"It wasn't just the miners that lost their livelihoods when mining jobs disappeared; other industries started to wilt, too, and entire communities were affected," explains Cindy Bee, a master beekeeper with Appalachian Headwaters. "We're doing something that can boost the town up."

To date, the nonprofit, based in the small town of Hinton, has trained 35 beekeepers (with an estimated 50 more signed up for classes that begin in a few weeks) and operates in 17 counties throughout the state. Those who complete the free Introduction to Beekeeping classes receive equipment and bees free or at a reduced cost and have access to ongoing training and mentorship. Partners maintain between two and 20 hives.

James Scyphers, who spent almost two decades mining coal in West Virginia, says miners have a lot to gain from the program. "Beekeeping is hands-on work, like mining, and requires on-the-job training. You need a good work ethic for both."  Courtesy of Kevin Johnson

James Scyphers, who spent almost two decades mining coal in West Virginia, says miners have a lot to gain from the program. "Beekeeping is hands-on work, like mining, and requires on-the-job training. You need a good work ethic for both." Courtesy of Kevin Johnson

Bee says 2018 was the first season with "boots on the ground," when beekeepers were maintaining their own hives. Beekeepers must wait a full year to collect honey from their hives; the first honey harvest will happen this spring. Appalachian Beekeeping Collective will collect, bottle and sell the honey and pay beekeepers market rate for their harvest.

A strong beehive can produce between 60 and 100 pounds of honey per season, Bee says. At an average retail price of $7.32 per pound in 2018, beekeepers could earn an estimated $732 in supplemental income per hive per season. With multiple hives, that can add up quickly: Twenty hives could mean nearly $15,000 per season. There are also opportunities to produce candles, lip balm and other wax products with additional training offered through the organization.

In a region where jobs are scarce and more than 28 percent of residents live in poverty, opportunities for additional income are welcome. And beekeeping does leave plenty of time for other work.

The supplemental income would be "life changing" for Carie Ortman.

The Alderson, W.Va., resident maintained 18 hives last season with the help of her mentors at the Appalachian Beekeeping Collective. Although disease and winter losses, common among beekeepers, have forced her to start over each spring (she started keeping bees in 2016 as a hobby), Ortman remains optimistic.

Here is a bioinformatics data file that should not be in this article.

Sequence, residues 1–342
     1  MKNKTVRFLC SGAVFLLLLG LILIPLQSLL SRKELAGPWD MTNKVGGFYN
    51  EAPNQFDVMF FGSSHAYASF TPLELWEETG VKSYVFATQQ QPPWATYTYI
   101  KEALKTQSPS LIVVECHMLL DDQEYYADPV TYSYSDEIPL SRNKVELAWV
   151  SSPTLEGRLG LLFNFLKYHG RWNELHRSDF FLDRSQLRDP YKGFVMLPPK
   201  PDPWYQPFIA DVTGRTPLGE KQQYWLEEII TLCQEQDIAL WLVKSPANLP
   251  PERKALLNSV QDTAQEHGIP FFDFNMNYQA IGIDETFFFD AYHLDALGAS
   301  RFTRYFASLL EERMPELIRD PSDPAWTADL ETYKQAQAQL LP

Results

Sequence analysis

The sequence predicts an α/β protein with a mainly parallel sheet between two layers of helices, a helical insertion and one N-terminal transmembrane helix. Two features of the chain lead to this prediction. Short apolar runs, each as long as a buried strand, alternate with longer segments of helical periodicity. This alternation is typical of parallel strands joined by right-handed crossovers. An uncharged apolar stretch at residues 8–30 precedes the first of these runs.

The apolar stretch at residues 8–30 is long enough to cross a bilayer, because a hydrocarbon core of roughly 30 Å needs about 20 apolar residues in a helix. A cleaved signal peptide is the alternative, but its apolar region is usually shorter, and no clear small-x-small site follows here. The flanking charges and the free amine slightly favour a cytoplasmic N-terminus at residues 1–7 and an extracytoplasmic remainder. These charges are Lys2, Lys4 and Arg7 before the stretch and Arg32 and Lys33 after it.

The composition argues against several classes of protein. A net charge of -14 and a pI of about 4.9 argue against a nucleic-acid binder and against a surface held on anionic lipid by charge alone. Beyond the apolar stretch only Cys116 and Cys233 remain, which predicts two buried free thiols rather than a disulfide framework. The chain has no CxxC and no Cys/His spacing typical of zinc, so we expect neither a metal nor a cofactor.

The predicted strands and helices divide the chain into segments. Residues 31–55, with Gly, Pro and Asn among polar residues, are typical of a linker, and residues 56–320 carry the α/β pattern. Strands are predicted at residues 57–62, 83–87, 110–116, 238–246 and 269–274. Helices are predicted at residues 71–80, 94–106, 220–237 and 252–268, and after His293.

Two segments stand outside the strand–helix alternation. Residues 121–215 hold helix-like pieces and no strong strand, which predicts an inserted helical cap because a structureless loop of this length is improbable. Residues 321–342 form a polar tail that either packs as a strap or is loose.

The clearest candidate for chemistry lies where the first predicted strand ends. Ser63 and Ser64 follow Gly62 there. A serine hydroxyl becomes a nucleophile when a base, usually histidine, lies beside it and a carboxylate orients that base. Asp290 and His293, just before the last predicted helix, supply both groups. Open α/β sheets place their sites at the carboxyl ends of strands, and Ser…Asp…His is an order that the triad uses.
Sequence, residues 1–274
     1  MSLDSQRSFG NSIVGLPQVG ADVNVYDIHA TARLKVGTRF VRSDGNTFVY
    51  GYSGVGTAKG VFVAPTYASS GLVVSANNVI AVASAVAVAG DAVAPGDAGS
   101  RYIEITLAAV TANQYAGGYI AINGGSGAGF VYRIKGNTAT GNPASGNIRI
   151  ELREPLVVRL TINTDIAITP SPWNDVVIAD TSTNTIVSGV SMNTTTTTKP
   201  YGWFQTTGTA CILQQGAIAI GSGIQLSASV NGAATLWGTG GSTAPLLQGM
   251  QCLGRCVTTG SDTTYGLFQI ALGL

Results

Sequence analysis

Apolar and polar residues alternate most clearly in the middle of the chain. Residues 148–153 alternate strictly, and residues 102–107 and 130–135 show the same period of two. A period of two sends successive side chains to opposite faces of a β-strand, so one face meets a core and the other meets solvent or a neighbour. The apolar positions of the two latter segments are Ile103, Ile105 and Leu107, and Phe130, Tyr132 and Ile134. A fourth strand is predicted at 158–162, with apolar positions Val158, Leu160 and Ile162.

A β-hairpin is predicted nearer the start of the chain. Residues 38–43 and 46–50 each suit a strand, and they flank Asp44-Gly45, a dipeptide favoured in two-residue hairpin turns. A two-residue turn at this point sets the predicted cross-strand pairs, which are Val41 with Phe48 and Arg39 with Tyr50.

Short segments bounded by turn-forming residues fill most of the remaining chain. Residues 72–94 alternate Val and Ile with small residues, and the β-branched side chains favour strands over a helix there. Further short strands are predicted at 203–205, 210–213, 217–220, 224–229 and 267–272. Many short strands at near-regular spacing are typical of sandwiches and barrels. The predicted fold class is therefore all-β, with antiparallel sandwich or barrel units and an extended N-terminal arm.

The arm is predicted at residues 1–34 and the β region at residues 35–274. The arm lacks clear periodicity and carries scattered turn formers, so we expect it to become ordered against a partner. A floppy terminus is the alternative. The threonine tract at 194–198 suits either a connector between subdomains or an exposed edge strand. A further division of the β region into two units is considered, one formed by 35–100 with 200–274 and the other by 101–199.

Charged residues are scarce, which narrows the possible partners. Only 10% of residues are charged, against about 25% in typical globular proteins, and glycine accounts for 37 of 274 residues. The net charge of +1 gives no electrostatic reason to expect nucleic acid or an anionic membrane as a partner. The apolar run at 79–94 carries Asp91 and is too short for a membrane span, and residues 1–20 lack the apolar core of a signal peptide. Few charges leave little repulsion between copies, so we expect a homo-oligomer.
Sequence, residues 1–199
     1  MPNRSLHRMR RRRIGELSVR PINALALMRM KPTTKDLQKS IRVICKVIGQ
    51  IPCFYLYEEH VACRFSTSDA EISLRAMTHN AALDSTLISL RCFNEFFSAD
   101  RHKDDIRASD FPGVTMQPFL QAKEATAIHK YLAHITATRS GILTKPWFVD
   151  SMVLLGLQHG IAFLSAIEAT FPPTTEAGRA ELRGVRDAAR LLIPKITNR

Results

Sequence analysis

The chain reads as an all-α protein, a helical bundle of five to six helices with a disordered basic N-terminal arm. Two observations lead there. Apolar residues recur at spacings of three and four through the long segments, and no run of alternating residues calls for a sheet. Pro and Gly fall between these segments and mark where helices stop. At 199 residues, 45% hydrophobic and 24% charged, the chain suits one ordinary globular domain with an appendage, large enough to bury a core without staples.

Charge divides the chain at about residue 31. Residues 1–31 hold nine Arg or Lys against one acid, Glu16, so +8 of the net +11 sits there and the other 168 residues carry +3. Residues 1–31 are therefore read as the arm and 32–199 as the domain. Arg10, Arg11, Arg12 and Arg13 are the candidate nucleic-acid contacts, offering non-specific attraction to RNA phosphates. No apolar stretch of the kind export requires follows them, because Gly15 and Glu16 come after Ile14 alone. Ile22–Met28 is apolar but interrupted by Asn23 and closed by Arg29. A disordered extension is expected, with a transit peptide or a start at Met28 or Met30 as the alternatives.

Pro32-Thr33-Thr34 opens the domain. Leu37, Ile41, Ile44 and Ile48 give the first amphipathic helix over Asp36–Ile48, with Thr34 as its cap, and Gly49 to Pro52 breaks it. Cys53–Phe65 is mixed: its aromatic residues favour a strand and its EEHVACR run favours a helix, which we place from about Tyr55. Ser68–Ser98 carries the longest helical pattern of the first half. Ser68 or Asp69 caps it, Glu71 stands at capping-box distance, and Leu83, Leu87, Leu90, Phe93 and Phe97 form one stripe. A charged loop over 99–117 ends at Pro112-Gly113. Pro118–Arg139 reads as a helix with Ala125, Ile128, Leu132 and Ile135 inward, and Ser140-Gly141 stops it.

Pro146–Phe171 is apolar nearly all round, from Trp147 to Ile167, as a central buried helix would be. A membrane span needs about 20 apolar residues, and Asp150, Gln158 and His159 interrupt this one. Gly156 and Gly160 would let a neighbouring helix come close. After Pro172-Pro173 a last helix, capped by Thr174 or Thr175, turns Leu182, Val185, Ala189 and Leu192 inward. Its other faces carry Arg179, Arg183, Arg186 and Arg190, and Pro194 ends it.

"Now that I know about all of the possibilities for making money from my hives, I'm all in," she says. "I need this extra income, and I'm going to be big time with this."

While the training is open to all West Virginia residents who are at or below the federal poverty rate, Scyphers believes former coal miners have the most to gain.

"The older folks want to get back to work, but mining is never going to be like it was in the '60s and '70s, and there is nothing to fall back on, no other big industries here, so all of these folks need retraining," he says. "Beekeeping is hands-on work, like mining, and requires on-the-job training. You need a good work ethic for both."

"Most of the coal miners are hardworking people," Scyphers adds. "With what Appalachian Beekeeping Collective is doing, teaching us how to make a profit from beekeeping, I think we can all make a good go of it and get back to work."

https://www.npr.org/sections/thesalt/2019/01/28/685878133/out-of-work-appalachian-coal-miners-train-as-beekeepers-to-earn-extra-cash

(Note: The Western Apicultural Society is making a collective and conscious shift to be an organization that builds community around bees. This will be very apparent at our upcoming conference (July 11th-14th in Ashland, OR)... bee there!!

In the meantime, check out this very cool project that aims to create community and build income for folks who have fallen on hard times in Appalachia!

Our opening keynote speaker, Katrina Klett, is doing similar work with farmers abroad.)